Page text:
In February, we got together a few people to talk about Dallas, dockless bike share, and mobility parklets. We invited three folks to join the conversation, including City Councilman Philip Kingston, who is working on the regulations for bike share; LimeBike’s Dallas General Manager Anthony Fleo, who’s bringing dockless bike share to town; and The Ticket’s Craig Miller, who’s a bicycling advocate but has some concerns about bike share.
About 80 people packed into Oddfellows on a very rainy evening to have the conversation. (You can watch the whole discussion here.) A few key themes emerged during our hour-long talk:
Dallas lacks in bicycling infrastructure. We just don’t have enough protected bike lanes for people to feel safe bicycling, so they choose the sidewalk instead. We also don’t have enough bike racks, for personal bikes or bike share storage.
We’re all waiting on data. Dockless bike share launched mid-2017, and even though we’ve had a bit of a cold winter, the data indicates that people are using them. Everyone—bike share companies, the City, bicyclists—is waiting to see what the data tells us with the spring and summer ridership. And, no, the data is not being sold. The companies are working on ways to share more of it with the City. One piece of data that Fleo shared: LimeBike has 94,000 active users in Dallas.
Many think dockless bike share is an eyesore. This point has been brought up time and time again in person and on social media. We believe there’s beauty in a little bit of chaos. In Citizen Jane: Battle for the City, Economist Sanford Ikeda talks about how Jacobs, the great urbanist, saw cities. “Living cities aren’t pretty,” he says. “They’re messy. … If you can understand a city, then that city’s dead. Living cities are congested. Frustrating. At the same time, that’s where your dreams come true.” In an effort to organize dockless bike share, we fear that we’ll kill some dreams. Okay, maybe that’s a little dramatic, but with bike share, we’re giving people the option to choose their transportation; the freedom to more efficiently get from point A to point B.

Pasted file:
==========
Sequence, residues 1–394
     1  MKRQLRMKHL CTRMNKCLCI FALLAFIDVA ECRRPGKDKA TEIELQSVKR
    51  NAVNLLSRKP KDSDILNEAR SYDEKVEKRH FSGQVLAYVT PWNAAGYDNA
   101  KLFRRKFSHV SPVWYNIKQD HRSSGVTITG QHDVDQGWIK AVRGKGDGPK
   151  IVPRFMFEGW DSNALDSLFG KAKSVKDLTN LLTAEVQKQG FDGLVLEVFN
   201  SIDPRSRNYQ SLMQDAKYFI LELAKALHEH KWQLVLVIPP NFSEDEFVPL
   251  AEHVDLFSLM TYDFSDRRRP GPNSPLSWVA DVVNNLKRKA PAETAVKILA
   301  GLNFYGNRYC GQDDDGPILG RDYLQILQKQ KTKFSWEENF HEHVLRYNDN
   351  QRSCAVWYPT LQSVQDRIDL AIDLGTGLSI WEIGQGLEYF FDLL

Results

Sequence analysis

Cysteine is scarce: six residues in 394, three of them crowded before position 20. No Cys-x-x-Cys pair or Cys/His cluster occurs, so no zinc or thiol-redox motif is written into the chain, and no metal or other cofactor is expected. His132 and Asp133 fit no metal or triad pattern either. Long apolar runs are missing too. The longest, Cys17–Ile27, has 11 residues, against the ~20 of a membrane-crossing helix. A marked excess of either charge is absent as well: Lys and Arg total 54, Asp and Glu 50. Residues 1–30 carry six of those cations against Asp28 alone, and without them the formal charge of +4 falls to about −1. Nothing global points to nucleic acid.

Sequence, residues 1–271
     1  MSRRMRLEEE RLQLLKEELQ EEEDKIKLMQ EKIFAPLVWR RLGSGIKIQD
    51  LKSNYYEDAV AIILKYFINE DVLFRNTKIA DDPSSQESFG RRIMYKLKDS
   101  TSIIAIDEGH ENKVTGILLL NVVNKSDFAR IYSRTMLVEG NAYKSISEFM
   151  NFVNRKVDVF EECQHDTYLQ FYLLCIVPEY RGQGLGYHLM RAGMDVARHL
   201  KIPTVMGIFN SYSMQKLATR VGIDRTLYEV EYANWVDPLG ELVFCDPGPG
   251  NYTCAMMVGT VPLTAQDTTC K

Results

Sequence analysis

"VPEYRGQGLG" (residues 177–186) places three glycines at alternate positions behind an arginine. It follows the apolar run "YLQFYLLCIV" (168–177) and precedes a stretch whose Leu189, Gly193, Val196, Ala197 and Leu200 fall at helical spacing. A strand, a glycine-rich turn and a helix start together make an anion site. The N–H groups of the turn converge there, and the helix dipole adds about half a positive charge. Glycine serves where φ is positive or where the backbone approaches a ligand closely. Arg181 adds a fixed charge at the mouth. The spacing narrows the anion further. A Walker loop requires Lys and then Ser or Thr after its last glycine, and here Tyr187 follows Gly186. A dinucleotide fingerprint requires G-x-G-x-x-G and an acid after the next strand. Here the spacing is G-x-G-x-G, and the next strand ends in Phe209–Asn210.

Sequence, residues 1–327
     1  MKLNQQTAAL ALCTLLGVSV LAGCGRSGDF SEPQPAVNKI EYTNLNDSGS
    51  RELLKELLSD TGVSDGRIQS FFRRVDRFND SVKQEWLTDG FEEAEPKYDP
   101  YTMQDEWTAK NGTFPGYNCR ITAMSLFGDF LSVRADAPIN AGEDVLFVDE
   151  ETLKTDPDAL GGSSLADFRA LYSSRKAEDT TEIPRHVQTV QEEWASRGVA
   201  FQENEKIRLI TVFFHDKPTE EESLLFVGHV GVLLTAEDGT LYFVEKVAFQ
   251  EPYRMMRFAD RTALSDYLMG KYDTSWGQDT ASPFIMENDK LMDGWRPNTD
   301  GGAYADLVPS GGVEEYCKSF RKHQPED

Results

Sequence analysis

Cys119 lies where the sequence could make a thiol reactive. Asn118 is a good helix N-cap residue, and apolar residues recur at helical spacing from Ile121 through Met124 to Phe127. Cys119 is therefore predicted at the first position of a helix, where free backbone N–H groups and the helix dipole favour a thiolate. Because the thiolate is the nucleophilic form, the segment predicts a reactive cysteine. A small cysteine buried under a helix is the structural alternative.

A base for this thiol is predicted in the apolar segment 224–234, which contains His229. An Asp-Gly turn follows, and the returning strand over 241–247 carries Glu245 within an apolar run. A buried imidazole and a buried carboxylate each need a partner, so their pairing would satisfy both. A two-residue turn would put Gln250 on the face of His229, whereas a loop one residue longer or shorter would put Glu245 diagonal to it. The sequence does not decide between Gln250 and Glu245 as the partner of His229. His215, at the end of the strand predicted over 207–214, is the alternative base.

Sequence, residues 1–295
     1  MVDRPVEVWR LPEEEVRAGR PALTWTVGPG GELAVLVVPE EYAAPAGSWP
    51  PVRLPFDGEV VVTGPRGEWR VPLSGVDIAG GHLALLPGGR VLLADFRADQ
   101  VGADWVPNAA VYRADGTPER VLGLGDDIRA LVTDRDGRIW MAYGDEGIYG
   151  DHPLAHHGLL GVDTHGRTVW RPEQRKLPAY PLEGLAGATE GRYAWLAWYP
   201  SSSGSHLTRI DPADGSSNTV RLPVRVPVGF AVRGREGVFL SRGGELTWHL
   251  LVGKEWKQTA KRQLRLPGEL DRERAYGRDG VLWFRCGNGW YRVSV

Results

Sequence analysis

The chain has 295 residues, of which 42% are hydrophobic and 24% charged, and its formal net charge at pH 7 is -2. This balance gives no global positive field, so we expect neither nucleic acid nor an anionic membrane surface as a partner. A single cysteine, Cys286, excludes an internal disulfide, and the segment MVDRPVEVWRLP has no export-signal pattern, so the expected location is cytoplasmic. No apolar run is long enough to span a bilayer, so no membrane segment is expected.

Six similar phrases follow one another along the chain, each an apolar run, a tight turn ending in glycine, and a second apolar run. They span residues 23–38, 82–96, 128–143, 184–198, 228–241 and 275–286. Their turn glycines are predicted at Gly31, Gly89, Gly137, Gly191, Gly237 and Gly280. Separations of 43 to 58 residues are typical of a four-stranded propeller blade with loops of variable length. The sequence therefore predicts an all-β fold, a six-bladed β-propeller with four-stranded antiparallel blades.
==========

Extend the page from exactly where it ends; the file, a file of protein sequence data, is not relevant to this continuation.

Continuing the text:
There are just a few steps involved with permitting a parklet. This sign lays them out. Photo by Can Turkyilmaz.
Knowing that dockless bike share is being used but that it’s seen as an eyesore because of the lack of infrastructure, we prototyped a digitally fabricated mobility parklet. The parklet not only reclaims the public space for the pedestrian, but it also provides a space for people to linger while waiting for ride share or public transit; and it also provides bike racks for personal or bike share bikes.
We built the mobility parklet as a prototype and debuted it at the event. It’s tricky getting a parklet permitted in the City of Dallas, but our hope is that this can be the beginning of the discussion.
Want to create your own parklet? It’s on our Wikiblock site. You can download it, cut it out, and put it together.
We know this doesn’t solve the issues people have with dockless bike share. But we do believe dockless bike share is a good thing that needs to be tweaked based on usage. We will work on some more tweaks. Until then, happy cycling!
The digitally fabricated mobility parklet from the Better Block. Photo by Can Turkyilmaz.